Ramstein airman’s wife angry, but glad husband found
January 25, 2006
KAISERSLAUTERN, Germany — An Air Force wife is relieved that police captured her husband in Georgia after the Air Force declared him a deserter from his Ramstein, Germany-based squadron.
But Dawn Hunter also is furious that he abandoned her and their four children in a foreign country with no place to go, no money and an uncertain future.
With him safe behind bars, Dawn Hunter is anxious to see him for the first time in more than a month. She has no intentions of bailing him out and making amends. She wants to give him a piece of her mind.
“I want to know why,” she said by telephone from Nashville, Tenn., on Tuesday. “Right now, I just need to know. I need to know why he did this. I need to know why he left his children; why he left me.”
Police arrested Airman 1st Class Edward Hunter outside a coin-operated laundry Friday, sitting inside a car reported stolen. He had been missing since Jan. 6.
Because the Air Force declared him a deserter, Dawn Hunter and the children were forced to leave Germany last Friday. They are staying temporarily with a relative in Nashville. But a friend, whose husband is considered a deserter by the Army, has offered to help her and the children find shelter in North Carolina until they can get into government-funded housing.
Answers to some of her questions could come out soon with her husband’s arrest. Edward Hunter, who worked in the supply department of the 435th Logistics Readiness Squadron, remains locked in the Lowndes County Jail in Valdosta, Ga.
Air Force and county officials are trying to figure out how and when Edward Hunter might be turned over to Office of Special Investigations agents at nearby Moody Air Force Base, said Capt. Jennifer Lovett, an Air Force spokeswoman at Ramstein Air Base. Once the Air Force takes custody of him, he will be transported to Ramstein to be confined on charges of desertion and being absent without leave.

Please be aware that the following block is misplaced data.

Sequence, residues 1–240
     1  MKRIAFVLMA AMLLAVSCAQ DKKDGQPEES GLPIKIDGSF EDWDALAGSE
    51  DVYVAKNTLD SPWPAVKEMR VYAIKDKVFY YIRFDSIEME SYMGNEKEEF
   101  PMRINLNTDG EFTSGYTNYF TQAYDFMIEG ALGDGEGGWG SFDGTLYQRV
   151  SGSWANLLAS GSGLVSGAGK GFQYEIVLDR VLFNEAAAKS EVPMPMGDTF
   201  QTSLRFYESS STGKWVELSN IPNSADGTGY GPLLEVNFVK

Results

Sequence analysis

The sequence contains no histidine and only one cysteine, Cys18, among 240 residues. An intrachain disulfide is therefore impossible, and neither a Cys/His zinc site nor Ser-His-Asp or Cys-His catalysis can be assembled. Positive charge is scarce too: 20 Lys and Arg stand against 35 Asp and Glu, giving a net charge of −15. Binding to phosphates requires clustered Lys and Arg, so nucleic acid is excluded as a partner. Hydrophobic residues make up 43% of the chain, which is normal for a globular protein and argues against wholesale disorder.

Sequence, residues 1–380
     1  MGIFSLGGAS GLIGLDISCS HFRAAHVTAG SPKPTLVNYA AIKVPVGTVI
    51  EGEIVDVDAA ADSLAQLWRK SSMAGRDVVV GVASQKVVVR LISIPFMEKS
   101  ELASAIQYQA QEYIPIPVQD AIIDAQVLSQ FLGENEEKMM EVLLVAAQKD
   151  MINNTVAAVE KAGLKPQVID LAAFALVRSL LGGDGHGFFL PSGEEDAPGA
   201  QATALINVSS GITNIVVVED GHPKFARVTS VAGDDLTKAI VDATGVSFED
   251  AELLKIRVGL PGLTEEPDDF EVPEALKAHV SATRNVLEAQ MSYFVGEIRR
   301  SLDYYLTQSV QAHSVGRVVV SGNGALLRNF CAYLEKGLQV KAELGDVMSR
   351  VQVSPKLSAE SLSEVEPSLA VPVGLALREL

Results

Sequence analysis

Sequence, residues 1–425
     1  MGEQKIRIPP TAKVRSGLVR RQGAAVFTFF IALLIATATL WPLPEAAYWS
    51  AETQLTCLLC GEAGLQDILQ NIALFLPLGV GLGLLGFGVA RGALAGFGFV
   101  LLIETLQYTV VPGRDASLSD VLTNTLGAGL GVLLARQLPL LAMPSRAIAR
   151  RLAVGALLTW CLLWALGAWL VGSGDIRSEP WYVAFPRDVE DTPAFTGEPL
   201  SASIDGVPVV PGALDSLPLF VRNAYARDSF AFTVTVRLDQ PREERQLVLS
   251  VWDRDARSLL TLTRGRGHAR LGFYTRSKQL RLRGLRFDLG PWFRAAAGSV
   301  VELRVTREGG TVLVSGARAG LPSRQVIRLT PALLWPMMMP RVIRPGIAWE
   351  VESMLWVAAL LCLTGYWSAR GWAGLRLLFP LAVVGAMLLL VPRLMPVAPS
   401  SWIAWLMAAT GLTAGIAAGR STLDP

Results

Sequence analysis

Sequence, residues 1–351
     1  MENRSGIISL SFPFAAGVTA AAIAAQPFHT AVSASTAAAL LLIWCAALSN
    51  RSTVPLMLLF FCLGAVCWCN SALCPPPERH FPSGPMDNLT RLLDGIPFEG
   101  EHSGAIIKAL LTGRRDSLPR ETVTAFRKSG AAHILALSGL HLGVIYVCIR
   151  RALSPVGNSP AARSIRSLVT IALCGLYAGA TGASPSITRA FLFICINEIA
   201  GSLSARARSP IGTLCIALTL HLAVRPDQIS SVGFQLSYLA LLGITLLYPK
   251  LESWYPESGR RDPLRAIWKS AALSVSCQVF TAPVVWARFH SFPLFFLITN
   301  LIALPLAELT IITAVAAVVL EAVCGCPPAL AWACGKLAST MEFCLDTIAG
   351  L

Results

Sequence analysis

It is possible he could face other charges. Before going on leave to the United States over the holidays and never returning, Hunter was under investigation for a matter the Air Force will not release until he is charged.
Hunter, 33, who grew up an orphan most of his life in Queens, N.Y., has been in trouble before in his Air Force career. Last summer, he was reprimanded for bouncing checks, his wife said. Although he rose to the rank of staff sergeant in his 13-year military career, he was demoted to the rank of airman first class last year.
He received orders in November to be discharged from the military because the Air Force does not allow airmen in his pay grade with that many years of service to stay in. Dawn Hunter, who left their Sembach Annex apartment with the children last Friday, said she didn’t know the Air Force discharged her husband and felt blindsided by the eviction from housing.
Because her husband was classified a deserter, the family lost all military benefits and could not stay in Germany.
Although there is a possibility she could be eligible for some benefits when her husband is taken into custody by the Air Force, she is worried about how she and her children are going to survive. She is a stay-at-home mother who hasn’t had a job outside of the home in 13 years. She last worked at a pizza delivery shop.
While her story in Stars and Stripes last week prompted an outpouring of help from Europe and the United States, she fears the trauma of the last few weeks will be devastating to her children. She said the last couple of weeks have taken a toll on her and her children, three girls and a boy — all of whom are under 10.
When asked how her children are handling the situation, she began to sob. She said the worst part of the whole ordeal is she can’t explain to them why their father left them in Germany.
“He damaged his kids,” she said. “They’ll never be the same. I’ll never be the same.”